On Hawaii, Ambition, and the People We’ve Been Before

“No I have never found a place
where I could say
this is my proper ground
here I shall stay…”
– Philip Larkin

She had me pinned by the wrists in the grass of the Kipahulu Campground. She was saying “You were such a punk. Always fucking up people’s shit. I used to really like you.”

I wanted to tell her that I was different now, better, less violent, but people have a stubbornness in them—they are often more loyal to their ideas of people than to the actual people themselves. People don’t want their friends to change. We are all the people we have been in our past lives, but we never fully remain what we once were. Try telling that to someone who knew you in high school.

“I want you to come and live here,” she said.

“I can’t move to Maui,” I said. “I’d never leave.”

“You’d leave,” she said. “Don’t worry about that. I’ve seen plenty of people come here and say that and they all leave eventually. I’ve been here for ten years. Do you want to dance?”

Then later, lying in her mobile home, in the comfortable, loose dialogue of pre-dawn, I asked her “what do you see when you see me now? I mean, what did you think I was going to be like now? Can you tell that I’m different? Do you see me as changed or just less? Because sometimes I feel like it’s just less.”

She slid open the window and said, “Isn’t traveling amazing? Did you see Venus out there? And Saturn? And Mars? You can see all three of them right now.”

As teenagers, my friends and I, our worst fault was our vandalism. It was also what unified us and kept us interested in the world, but it’s hard to explain what drives small town boys with good parents and good role models, no real problems to speak of, to acts of destruction. You might say we felt too young and too powerless to change our environment save for attempting to destroy it. You might also say we were assholes. We know that now. But we didn’t see it that way then.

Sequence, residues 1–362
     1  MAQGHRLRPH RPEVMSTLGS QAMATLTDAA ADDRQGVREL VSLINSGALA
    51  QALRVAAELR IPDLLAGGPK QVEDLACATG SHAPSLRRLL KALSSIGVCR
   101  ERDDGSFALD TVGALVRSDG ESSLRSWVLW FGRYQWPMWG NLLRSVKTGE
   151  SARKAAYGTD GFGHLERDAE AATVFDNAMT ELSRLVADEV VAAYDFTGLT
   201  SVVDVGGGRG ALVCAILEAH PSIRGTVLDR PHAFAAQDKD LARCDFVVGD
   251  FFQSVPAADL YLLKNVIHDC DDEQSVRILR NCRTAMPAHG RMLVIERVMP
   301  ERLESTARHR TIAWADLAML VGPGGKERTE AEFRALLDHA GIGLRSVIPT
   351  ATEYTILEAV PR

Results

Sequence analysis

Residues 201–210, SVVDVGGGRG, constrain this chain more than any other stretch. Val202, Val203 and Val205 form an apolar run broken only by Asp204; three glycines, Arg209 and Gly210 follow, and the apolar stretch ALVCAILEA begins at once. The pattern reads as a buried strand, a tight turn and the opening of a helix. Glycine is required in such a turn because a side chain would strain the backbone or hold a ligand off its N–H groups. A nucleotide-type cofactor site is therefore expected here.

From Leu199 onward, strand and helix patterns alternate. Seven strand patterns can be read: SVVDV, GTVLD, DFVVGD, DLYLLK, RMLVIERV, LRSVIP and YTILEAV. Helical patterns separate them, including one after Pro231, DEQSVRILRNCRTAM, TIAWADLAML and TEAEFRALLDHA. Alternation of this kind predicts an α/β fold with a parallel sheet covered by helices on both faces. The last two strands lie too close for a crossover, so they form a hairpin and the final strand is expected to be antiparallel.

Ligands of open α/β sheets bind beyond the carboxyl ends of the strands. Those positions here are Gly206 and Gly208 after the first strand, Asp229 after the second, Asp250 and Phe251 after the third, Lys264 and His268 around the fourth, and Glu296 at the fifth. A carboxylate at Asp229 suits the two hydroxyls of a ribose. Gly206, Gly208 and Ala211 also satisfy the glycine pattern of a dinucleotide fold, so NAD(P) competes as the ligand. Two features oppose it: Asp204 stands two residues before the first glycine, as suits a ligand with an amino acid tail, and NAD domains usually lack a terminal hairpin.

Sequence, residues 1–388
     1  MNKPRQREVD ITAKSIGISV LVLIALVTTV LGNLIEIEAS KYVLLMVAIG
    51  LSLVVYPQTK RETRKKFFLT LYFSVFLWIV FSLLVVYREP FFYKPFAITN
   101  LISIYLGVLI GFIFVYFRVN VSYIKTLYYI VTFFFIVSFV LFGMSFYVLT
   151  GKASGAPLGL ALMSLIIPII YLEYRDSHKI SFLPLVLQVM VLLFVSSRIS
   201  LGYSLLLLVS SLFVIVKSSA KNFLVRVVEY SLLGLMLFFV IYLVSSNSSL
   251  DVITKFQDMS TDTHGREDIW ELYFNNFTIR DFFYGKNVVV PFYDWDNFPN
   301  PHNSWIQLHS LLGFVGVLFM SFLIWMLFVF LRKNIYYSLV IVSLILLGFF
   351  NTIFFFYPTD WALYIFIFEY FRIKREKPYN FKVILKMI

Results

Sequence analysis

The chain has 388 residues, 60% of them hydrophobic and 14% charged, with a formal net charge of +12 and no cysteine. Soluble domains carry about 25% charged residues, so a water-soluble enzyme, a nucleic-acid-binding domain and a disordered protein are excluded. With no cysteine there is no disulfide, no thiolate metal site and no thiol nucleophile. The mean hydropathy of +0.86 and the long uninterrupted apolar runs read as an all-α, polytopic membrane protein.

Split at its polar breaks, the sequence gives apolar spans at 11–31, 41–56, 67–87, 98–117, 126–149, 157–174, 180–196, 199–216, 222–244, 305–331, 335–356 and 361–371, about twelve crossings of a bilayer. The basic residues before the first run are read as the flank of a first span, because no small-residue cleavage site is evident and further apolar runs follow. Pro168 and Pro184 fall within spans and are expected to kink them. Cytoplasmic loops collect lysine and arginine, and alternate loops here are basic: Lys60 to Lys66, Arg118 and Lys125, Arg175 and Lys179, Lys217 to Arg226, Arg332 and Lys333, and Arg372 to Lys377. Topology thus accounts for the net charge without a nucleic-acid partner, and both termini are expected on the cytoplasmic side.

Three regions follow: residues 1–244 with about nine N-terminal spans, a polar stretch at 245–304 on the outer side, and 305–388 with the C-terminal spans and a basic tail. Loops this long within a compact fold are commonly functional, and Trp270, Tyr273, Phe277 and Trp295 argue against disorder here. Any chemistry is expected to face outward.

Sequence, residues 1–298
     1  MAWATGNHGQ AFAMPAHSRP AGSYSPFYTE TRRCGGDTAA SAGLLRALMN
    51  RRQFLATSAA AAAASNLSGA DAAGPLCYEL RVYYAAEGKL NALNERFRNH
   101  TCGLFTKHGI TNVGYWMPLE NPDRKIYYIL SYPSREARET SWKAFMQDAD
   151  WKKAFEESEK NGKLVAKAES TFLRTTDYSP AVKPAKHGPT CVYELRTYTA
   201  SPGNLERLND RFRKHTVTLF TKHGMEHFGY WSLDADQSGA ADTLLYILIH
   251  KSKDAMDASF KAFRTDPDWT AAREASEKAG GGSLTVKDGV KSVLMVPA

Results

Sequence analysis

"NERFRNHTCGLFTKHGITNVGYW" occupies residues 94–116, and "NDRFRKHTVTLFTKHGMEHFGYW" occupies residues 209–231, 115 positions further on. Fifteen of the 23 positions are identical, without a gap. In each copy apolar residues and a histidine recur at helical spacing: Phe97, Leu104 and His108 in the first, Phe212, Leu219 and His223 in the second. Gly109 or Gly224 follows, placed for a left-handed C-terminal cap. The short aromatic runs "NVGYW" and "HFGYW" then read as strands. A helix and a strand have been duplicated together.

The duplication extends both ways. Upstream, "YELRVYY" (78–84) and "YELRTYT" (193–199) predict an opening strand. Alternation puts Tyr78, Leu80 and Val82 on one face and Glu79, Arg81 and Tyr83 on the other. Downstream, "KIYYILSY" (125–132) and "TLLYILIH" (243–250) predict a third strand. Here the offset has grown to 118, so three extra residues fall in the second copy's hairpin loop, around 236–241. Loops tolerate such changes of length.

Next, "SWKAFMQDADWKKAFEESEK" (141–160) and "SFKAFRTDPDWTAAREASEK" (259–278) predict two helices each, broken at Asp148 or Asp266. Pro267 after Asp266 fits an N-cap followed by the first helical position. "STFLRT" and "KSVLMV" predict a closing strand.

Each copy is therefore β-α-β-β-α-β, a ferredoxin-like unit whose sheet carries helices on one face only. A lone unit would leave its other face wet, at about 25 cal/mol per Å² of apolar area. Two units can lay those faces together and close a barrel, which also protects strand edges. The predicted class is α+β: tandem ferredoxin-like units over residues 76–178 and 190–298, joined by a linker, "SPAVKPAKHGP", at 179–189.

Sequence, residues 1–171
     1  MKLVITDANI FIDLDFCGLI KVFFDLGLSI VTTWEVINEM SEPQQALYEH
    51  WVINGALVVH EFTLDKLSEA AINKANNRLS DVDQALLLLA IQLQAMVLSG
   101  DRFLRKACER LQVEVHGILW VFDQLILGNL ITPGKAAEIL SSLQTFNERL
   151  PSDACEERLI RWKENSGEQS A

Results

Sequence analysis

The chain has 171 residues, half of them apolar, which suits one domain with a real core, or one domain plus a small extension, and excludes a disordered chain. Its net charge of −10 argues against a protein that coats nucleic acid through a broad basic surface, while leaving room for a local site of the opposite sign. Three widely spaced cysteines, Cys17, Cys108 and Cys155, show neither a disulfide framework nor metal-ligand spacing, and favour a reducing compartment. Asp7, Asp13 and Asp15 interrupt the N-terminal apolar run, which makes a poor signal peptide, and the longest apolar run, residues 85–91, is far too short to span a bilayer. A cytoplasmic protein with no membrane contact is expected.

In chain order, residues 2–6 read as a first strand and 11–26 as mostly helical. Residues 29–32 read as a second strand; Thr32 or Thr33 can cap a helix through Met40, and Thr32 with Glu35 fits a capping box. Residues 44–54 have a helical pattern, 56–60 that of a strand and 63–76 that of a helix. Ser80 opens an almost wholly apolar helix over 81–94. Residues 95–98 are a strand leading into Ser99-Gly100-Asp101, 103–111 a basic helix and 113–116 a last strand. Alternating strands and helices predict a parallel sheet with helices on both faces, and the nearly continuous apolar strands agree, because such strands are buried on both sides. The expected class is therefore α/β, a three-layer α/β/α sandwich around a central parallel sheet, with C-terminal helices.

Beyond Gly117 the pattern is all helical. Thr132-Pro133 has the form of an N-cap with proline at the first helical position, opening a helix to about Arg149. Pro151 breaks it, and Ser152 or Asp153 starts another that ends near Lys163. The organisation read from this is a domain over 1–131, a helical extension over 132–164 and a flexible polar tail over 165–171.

When protected by the armor of the mind and memory we choose to remember people in absolutes. They were either Funny, or Beautiful, or Stupid. The impression is formed by how they made us feel, then reinforced by selectively remembering those moments that reinforce that feeling. Many of us are at the mercy of unbidden memories. Even more of us aren’t in control of how we feel about people.

People write you off for an untold number of reasons and you know when a person has written you off without them saying a word. It’s in the way they listen to you. In their eyes, the corners of their mouth. If you don’t know the person well it can be hard to see coming. When the time comes they go nasty and you’re at a loss for what caused it. Because they don’t know either. It’s the crazy ones that talk the most shit, and are often closest to the truth. People can fuck you up with something as easily uttered as a simple line. It’s amazing that we choose to speak with people at all, especially those we don’t know. That moment when a single malicious comment throws you off balance for days exemplifies the curse of living for meaning.

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  • Gordo

    Thoughtful and well-written, a joy to read.

  • rajnibarbosa

    I am different? Can you see me changed, or simply less? Because sometimes I feel that it is less.

    Motorcycle Parts

  • http://twitter.com/jessdutschmann Jess Dutschmann

    As we taxied for take off, I wasn’t worried I would fly back to Korea, as I had from the bookstore in Paris where the kids slept on the shelves, tortured by the idea of leaving the place behind.

    Really beautiful

  • Hannah

    “The hedonist never made a good artist” – what about Oscar Wilde? You can be well-adjusted and still struggle.  That may even be more interesting in some cases. I guess I don’t really get the point of the article.  It’s necessary to settle but you still want something more impossible. So like, try anyway?

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